A Bunch of Memory Cards

Pat's Carry-On:

Canon 5D body with battery grips and 6 batteries

35-70 lens

2 Chargers

Panasonic Lumix, Extra Battery, Charger, Cards

Food

Extra Prints of Airline, Hotel, Shoot List, Phone Numbers and Other Papers

Business Cards

Power Adapters (if international)

iPhone and Charger

iPad and Charger

Passport


What's in your bag?

Portrait of a Belly Dancer

Chuck Vosburgh - Tuesday, July 26, 2011


Photographer: Chuck Vosburgh, Model: Karen Sun-Ray

This image was photographed in my studio lighting class at the MoreanArts Center in St. Petersburg, Florida. The idea was to have nice soft light, but also show the contours of the model's muscle structure and features. The solution was a large soft box placed at more of a side-angle than usual. Keep in mind that the more the object is side-lit, the more it shows texture and contour. A little experimentation was required to find the perfect angle, then a reflector was added to open up the shadows. A hair light from up high behind also adds to the three dimensional look of the image.

Here's the setup:


Single large soft-box, large soft-gold reflector and a snoot. Simple.
On your next shoot, try making your model look as three dimensional as you can. It's a fun way to light and you may find a new favorite style of lighting.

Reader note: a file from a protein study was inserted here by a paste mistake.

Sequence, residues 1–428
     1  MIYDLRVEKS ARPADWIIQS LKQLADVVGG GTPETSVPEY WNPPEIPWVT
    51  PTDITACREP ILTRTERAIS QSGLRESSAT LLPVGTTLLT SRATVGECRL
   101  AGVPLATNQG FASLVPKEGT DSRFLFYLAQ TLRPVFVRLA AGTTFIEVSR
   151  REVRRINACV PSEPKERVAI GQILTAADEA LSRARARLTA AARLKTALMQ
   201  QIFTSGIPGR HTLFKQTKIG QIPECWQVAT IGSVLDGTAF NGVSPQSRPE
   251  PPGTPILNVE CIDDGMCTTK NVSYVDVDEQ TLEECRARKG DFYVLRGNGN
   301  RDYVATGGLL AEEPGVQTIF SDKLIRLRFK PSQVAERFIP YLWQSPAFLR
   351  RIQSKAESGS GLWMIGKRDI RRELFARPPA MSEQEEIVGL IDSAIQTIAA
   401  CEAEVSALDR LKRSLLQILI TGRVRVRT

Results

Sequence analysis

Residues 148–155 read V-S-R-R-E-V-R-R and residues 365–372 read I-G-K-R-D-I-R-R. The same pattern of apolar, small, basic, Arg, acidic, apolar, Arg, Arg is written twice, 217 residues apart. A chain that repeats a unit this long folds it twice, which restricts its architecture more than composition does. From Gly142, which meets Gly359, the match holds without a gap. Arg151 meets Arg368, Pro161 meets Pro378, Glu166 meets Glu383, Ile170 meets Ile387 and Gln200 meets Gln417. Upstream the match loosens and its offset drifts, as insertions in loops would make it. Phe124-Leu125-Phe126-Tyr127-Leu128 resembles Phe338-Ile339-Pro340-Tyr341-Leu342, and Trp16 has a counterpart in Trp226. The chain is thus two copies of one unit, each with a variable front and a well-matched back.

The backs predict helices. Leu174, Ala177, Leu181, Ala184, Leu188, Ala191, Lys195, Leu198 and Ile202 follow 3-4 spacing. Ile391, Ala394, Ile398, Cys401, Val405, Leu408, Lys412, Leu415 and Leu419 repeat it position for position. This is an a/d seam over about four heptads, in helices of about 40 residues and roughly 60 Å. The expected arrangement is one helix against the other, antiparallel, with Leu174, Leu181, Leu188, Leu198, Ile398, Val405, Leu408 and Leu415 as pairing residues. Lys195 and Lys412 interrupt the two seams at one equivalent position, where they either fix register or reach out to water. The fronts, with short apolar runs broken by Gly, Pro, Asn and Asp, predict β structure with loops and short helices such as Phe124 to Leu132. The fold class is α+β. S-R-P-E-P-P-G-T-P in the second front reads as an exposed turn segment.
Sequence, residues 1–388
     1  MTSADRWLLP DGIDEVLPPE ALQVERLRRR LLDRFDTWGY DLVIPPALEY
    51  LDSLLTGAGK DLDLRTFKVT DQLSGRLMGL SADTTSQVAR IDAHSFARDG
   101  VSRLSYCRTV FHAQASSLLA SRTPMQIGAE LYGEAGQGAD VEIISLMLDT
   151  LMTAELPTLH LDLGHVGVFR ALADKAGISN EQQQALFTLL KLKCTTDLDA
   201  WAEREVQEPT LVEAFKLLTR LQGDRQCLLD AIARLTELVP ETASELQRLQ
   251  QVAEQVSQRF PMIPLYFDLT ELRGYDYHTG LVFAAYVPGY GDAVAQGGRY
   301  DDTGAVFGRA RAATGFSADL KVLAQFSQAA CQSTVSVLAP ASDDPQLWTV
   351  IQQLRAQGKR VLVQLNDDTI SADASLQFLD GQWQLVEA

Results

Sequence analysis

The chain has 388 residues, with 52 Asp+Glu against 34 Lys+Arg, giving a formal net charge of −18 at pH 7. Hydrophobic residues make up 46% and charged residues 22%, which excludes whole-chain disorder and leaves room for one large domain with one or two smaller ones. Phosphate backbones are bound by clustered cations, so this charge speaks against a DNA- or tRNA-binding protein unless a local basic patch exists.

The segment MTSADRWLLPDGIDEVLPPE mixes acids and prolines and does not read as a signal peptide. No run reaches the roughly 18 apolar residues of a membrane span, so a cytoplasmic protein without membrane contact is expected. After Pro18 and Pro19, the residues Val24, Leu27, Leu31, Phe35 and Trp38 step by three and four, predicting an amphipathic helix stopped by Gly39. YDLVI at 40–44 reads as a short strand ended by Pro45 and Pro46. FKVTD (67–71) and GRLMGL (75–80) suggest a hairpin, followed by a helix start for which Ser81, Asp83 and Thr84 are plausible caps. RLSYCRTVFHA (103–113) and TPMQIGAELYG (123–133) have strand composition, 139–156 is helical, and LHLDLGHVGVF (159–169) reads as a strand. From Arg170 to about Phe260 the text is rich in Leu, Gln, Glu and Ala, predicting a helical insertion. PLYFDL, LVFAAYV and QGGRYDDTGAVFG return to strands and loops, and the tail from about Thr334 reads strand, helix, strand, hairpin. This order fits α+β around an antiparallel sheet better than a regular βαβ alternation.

How to make your light hard or soft

Chuck Vosburgh - Tuesday, July 05, 2011

What makes light hard or soft?

The softness of the light on your subject is controlled by just one thing - the size of the light source. You can evaluate the hardness or softness of the light by taking a look at the shadows. Hard lighting has a well defined edge to the shadows and soft light either has a feathered or no discernible line at the edges of the shadows.

The kind of light you choose is a creative decision and being able to control the softness of the light will will make it easy for you to make the image look the way you want. Hard light shows texture, has a lot of contrast and is dramatic. Soft light flattens texture, has less contrast and is well, softer.

Hard Light

Here's an example of hard light. You can see there's a lot of contrast, and the edges of the shadows are well defined. With a direct light source, the background goes black and the shadows of the subject blend into the background.

Here's the setup:

Single light source.

Softening a hard light

You can easily soften the effects of hard light by using a reflector to bounce some light back into the shadows. Using a reflector softens the overall look and separates the subject from the dark background. You can see the difference on the left side of the subject. The shadows are opened up, the subject looks more three-dimensional and the subject is separated from the background by the visible edges of the subject.

Here's the setup:

Single light source, one small reflector.

Softer Light

To soften the key light, a larger light source is needed. Here we used a small soft box. A small umbrella would produce similar results. One side effect of a larger light source is that it has a tendency to spill light onto the background unless the background is far away from the subject.

Here's the setup:

One small soft box

 

Even softer with a reflector